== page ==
John Ellicot, London, Movement No. 5009, Case No. 6041, 50 mm, 130 g, circa 1768
A gentleman's half quarter repeating pocket watch Case: silver, gilt, pierced, engraved volutes and scrollwork, two cartouches with engraved mascaron and a landscape, case maker's punch mark "TL" with star above (possibly Thomas Layton of London), rear bell, signed and numbered movement protection cap, pusher for repetition via pendant, large lateral hinge. Dial: enamel, radial Roman hours, gold arrow shaped hands. Movm.: full plate movement, applied engraved and florally pierced decorations, firegilt, signed, chain/fusee, 2 hammers, solid circular movement pillars, steel cylinder wheel, three-arm polished steel balance, fine florally engraved, pierced balance cock, chatoned diamond endstone on balance.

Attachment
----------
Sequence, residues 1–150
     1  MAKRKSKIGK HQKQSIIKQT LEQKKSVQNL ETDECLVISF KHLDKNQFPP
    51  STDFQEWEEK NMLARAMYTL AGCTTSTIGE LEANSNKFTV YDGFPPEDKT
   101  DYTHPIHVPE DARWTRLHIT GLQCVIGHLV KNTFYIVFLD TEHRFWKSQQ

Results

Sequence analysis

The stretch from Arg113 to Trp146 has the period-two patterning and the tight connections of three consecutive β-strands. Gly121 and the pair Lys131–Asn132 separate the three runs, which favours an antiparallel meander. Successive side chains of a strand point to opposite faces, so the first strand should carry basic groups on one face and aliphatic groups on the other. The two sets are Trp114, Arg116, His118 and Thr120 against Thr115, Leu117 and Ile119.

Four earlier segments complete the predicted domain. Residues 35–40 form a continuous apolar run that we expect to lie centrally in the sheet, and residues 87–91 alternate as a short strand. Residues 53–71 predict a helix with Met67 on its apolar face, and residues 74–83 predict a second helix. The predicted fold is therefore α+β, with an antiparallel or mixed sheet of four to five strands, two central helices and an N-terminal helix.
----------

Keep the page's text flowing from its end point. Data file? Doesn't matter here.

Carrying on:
John Ellicott (1706-1772) Beside Graham, Harrison, Tompion, Mudge, Arnold und Earnshaw, John Ellicott was one of the most eminent English watch- and clockmakers, established himself in business about 1728 and became a Fellow of the Royal Society in 1738. Ellicot was the inventor of a compensation pendulum and paid great attention to the use of the cylinder escapement only a few years after its improvement by Graham. In some of his later pieces the cylinders were made of ruby. Source: "Watchmakers and Clockmakers of the World", by G.H. Baillie vol. I, Edinburgh/London, 1947, p. 99.
Estimate 2,200 - 3,000 €
Price Realised 3,100 €
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